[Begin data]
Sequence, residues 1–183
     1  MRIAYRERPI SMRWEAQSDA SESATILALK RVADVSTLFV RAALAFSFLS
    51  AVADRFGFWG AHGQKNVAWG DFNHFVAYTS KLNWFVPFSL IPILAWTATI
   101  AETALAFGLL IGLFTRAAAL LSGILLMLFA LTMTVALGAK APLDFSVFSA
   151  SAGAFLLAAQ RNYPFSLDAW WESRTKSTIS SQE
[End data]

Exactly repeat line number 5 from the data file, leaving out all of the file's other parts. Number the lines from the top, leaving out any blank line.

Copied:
   151  SAGAFLLAAQ RNYPFSLDAW WESRTKSTIS SQE